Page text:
One of the main features of the office and residential tower V on Shenton is the building’s facade. Although designing for a large-scale residential programme in Singapore confronts one with a rigid set of conventions, UNStudio came up with an intricate and rich texture to counteract the surrounding monotony. The team set up a practical workflow in order to achieve this irregularity and randomness, detailed in 'V on Shenton: 3D Component Based Envelope'.
V on Shenton is a large-scale development comprising two towers in the heart of Singapore’s Central Business District. A common plinth connects the 23-storey office building to the 53-storey residential tower. The construction of the building started in 2011 and is expected to be completed in 2018.
The dual programming of office and residential is a unique situation in this area and the massing of the towers reflects this. The office tower corresponds to the scale of the area opposite the residential tower, which rises up to distinguish itself from the surrounding buildings. The office and residential facades originate from the same family of patterns. The basic shape of the hexagon is used to create patterns which increase the performance of the facades, with angles and shading devices that are responsive to the climatic conditions of Singapore.
Designing for a large-scale residential programme in Singapore confronts one with a predetermined set of practices. In other words, one must not only follow strict rules which govern the use and revenue for apartments in limited space, but also give equal qualities to apartment units of the same type. Thinking of a residential facade, then, one could easily end up with a dull building consisting of a monotonous stack of identical units. UNStudio challenge these restraints by designing an intricate and rich texture in order to neutralise the sameness in the area.
By combining a simple system of multi-faceted, multi-textured and multi-scaled elements, UNStudio aimed to achieve an effect of irregularity and randomness throughout the whole facade.
Since the building is located in a dense urban area, the design team aspired to give extra privacy to units located in the lower parts of the tower. Beyond merely screening them from the views of neighbouring buildings, it was possible to create a transition into more open apartments towards the top of the building where the vista is relatively unobstructed. Therefore, in V on Shenton, the facade-covering units in the lower segment use solid and robust materials, which gradually turn into more open and reflective ones in the higher segment.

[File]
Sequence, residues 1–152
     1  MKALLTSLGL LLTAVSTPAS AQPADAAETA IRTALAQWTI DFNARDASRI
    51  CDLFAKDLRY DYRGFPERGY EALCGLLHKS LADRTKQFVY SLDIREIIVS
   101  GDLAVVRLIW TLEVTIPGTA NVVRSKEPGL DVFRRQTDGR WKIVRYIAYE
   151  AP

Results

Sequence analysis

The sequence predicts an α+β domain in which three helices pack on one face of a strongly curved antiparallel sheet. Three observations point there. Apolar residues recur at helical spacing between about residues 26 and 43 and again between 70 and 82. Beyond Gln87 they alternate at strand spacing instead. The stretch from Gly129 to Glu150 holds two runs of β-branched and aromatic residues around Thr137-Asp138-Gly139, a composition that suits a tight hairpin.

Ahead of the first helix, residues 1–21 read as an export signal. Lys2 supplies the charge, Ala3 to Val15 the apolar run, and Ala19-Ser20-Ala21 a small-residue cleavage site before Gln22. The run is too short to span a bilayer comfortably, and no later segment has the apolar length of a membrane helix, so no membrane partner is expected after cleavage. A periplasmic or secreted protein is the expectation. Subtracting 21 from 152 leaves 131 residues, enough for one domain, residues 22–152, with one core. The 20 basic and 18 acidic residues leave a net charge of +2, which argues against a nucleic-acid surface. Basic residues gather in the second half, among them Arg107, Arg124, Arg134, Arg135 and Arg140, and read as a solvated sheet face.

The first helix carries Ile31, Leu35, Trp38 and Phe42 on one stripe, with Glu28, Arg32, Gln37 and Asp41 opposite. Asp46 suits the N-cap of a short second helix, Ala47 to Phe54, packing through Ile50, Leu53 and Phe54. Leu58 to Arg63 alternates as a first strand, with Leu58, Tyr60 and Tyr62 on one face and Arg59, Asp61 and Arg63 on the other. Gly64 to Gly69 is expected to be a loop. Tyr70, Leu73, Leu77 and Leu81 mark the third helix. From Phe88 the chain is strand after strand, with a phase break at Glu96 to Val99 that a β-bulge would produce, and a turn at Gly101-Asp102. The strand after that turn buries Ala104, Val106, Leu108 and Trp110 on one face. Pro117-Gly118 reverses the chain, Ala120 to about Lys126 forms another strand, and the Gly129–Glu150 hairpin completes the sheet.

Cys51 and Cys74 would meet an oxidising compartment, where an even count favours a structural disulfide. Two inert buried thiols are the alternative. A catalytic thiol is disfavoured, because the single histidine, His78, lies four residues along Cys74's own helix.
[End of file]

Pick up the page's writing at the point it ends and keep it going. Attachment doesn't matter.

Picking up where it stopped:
Design Elements of the Facade
The residential tower consists of 510 apartment units. There are five different types of apartments ranging from studios to penthouses. Each apartment needs to incorporate specific components related to residential use. Local building practice and climatic conditions determine these basic components, which include balconies, planters, bay windows and A/C ledges.
To structure the tower’s facade, UNStudio used a combination of one- and two-storey-tall hexagonal modules. These modules consisted of a systematic variation of different sizes of the components mentioned above.
While the hexagonal modules acted as a basic framework, the components introduced variation and individuality into the facade, varying in materiality (solid to transparent), geometric articulation (angling glass panels to break reflections) and scale (changing the actual size of the components).
Developing a facade texture based on the idea of randomness can bring about some challenges. For example, it is difficult to track changes on a random facade pattern. In the same way, it is hard to update the pattern and share updates with team members.
In order to handle these difficulties, UNStudio developed a workflow around the idea of a facade envelope using Rhino, built upon a limited set of 3D components the team could edit from a central place. In addition, the team compiled the scripts used to build up these blocks. With the workflow and scripts in place, the team mixed and matched 3D components to simulate randomness.
In practice, the team sliced a prototypical apartment unit into an array of 3D blocks. These 3D blocks related to the unit components mentioned above. Consequently, each component could be used multiple times over, for various apartment types and stretched to fit different unit sizes.
This enabled the team to look at the building at a massing scale, tweaking the facade pattern and stacking of units and at the same time developing each component further on the level of materialisation and small-scale detailing. Read more on how the team managed these components here.
Nuno Almeida, Cristina Bolis, Zhongyuan Dai, Derrick Diporedjo, Gustav Fagerström, Albert Gnodde, Rob Henderson, Jaap-Willem Kleijwegt, Juliane Maier, Patrik Noome, Astrid Piber, René Rijkers, Stefano Rocchetti, Ariane Stracke, Wing Tang, Sander Versluis, Martin Zangerl
Specific to facade development:
Martin Zangerl, Gustav Fagerström, Stefano Rocchetti, Rob Henderson